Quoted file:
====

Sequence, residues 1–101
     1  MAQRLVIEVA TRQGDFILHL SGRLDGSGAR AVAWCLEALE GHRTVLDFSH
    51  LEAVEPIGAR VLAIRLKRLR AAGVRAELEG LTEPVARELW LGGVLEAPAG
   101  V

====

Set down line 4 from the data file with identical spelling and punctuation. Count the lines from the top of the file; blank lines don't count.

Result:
   101  V